Assembling a Complete Set of Used Golf Clubs




    For the purposes of this section, let’s imagine that you are planning to purchase a complete set of used golf clubs, from the driver on down to the putter. You might be doing this because you are a complete beginner and you need equipment to get started, or you may be moving on from your beginner set into more advanced gear. Whatever the case, you shouldn’t have much trouble putting together a full set by shopping pre-owned listings.

    To help you pick out the right clubs for a full set, please take a look at the tips provided below.

  • The clubs don’t need to match. One of the keys to shopping for used clubs is understanding that you don’t need to match up clubs as you move down the set. In other words, the clubs don’t need to be the same model, and they don’t even need to come from the same manufacturer. As long as each club is a good fit for your game, you can feel free to pick out clubs from as many different companies as you would like. Professional golfers tend to use the same brand of clubs throughout their bags – but that is because they are paid to do so. When you look at the high end of the amateur game, you will find that even quality players tend to use clubs from a variety of companies, based on their personal needs and preferences. While you don’t need to feel any brand loyalty when shopping, it does make sense to buy a full iron set, rather than trying to mix and match individual irons.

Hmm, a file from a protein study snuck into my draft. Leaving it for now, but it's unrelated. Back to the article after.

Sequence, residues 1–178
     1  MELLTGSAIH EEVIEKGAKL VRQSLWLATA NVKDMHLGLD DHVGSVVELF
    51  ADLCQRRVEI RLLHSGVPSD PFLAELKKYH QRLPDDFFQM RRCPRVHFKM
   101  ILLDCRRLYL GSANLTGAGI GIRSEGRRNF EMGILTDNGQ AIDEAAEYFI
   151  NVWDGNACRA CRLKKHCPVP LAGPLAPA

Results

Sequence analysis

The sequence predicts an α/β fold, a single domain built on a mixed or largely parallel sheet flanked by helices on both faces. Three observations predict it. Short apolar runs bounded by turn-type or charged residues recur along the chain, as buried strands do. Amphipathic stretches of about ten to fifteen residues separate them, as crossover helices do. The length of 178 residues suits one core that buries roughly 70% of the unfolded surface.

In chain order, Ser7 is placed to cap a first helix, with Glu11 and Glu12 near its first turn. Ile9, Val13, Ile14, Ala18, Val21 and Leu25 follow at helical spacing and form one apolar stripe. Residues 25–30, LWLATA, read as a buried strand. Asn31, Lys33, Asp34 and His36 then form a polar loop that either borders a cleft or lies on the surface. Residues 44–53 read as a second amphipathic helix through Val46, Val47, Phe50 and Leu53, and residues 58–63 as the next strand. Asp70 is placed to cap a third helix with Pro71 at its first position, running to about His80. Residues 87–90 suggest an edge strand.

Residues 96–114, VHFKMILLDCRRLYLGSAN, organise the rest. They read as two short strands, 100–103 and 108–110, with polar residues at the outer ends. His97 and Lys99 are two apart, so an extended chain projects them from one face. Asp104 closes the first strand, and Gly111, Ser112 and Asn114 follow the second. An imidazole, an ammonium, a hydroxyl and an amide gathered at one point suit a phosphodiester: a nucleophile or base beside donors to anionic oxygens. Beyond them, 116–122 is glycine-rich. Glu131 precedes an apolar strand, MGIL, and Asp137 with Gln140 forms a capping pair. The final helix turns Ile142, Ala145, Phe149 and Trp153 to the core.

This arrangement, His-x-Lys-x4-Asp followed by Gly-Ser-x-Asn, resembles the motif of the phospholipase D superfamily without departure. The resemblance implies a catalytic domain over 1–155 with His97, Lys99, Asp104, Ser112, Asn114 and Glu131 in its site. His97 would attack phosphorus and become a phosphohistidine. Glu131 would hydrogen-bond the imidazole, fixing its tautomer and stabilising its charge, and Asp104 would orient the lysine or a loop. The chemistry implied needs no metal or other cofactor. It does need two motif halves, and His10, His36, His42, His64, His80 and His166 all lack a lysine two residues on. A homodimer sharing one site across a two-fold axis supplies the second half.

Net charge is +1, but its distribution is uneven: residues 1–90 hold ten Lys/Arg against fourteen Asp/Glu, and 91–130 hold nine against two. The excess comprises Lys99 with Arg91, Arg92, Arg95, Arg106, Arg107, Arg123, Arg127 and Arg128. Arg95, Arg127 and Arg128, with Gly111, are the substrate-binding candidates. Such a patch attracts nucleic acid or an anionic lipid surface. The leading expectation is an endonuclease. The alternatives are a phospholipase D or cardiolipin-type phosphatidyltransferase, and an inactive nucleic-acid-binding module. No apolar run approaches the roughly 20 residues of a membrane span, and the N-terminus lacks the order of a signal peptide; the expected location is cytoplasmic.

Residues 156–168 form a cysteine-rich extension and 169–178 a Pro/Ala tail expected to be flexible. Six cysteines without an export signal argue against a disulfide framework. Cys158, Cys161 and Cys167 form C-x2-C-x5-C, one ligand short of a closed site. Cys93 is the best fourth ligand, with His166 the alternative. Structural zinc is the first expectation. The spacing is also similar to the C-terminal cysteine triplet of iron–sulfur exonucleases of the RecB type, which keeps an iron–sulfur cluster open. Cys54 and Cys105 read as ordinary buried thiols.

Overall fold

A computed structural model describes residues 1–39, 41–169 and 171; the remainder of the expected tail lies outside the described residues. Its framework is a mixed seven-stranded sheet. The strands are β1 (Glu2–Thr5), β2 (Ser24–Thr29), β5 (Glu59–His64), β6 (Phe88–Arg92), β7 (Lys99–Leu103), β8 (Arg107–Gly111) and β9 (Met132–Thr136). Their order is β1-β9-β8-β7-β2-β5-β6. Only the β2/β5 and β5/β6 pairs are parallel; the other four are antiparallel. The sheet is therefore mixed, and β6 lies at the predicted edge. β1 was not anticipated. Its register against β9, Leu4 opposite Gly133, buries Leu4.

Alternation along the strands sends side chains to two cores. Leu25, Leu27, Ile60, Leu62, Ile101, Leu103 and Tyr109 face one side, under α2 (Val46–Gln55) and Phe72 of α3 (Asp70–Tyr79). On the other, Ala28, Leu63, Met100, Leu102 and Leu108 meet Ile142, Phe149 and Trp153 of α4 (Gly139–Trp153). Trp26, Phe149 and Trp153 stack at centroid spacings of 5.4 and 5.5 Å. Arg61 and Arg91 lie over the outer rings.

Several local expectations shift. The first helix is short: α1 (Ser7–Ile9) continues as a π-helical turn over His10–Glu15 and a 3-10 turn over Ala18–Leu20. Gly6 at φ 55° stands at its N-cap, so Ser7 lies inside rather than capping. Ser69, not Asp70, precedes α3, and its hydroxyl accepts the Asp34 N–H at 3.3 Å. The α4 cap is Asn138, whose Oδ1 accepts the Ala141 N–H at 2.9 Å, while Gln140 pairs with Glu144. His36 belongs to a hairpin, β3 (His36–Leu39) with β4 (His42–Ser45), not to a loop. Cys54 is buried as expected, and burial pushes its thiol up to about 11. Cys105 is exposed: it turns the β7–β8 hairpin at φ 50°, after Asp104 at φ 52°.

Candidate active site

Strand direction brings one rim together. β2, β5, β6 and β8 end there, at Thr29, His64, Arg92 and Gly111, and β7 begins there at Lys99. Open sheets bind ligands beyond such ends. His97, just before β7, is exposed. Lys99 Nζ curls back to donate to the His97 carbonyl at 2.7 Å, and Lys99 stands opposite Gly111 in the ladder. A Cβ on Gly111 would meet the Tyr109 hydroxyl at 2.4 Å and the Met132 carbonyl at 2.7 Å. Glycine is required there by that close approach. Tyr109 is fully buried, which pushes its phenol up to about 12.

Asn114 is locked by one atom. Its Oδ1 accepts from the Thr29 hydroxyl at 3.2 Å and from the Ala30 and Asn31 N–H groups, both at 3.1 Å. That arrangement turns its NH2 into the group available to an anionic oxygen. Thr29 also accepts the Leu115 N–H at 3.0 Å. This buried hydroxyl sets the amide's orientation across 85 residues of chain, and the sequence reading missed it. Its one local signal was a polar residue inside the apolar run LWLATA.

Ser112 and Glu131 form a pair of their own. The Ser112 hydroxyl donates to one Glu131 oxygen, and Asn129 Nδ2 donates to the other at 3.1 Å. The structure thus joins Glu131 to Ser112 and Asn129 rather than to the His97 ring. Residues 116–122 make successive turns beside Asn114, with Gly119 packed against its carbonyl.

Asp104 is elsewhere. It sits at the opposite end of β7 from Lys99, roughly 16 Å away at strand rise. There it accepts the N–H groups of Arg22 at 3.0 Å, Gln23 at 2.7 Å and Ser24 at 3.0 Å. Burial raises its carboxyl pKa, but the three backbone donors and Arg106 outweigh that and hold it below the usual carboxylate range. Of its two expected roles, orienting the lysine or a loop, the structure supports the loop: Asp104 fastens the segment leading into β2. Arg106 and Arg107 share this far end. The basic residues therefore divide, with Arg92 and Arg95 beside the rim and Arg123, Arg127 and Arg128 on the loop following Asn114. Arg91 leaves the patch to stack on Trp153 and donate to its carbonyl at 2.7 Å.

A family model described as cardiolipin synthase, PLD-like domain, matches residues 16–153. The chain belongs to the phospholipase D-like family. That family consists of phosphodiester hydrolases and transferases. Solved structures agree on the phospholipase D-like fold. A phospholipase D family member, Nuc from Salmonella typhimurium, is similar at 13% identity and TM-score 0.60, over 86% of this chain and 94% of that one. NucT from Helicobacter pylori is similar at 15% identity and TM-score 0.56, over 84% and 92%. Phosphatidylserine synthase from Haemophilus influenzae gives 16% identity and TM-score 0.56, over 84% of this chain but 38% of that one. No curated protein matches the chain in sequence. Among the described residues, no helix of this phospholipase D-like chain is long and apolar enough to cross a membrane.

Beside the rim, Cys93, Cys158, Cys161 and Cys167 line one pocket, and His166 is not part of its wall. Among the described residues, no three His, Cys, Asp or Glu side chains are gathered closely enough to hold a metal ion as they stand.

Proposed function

• Consider matching your driver with your fairway woods. If possible, consider matching the model of your driver to the model of your chosen fairway woods. The look and feel of these clubs is likely to be similar, and you may notice that you have more confidence in your long clubs as a result. It certainly is not necessary to match up models when it comes to drivers and fairway woods, but it may provide some benefit when possible.
  • Think about the spacing of your wedges. When shopping the used market, it should be pretty easy to find just about any loft you have in mind for your set of wedges. This means you can think about which lofts will work best for your needs, and then you can construct your set accordingly. For example, you might decide to pick up a 52* and 58* wedge, to go along with your pitching wedge, which probably comes in at 47* or 48*. Or, if you would like to carry a total of four wedges, you could add a 52*, 56*, and 60* to your pitching wedge. The key here is to avoid having clubs which duplicate each other, so you can cove as many different yardages as possible.
  • Anytime you buy a used club, even if you aren’t planning on buying a whole bag full of gear, you should think about how the new club fits within the context of the rest of your bag. You only get 14 spots for clubs under the rules of golf, so you want to make each of them count. Whether building a full set or just filling a gap, always think carefully about how your purchases are going to help you compose an excellent set.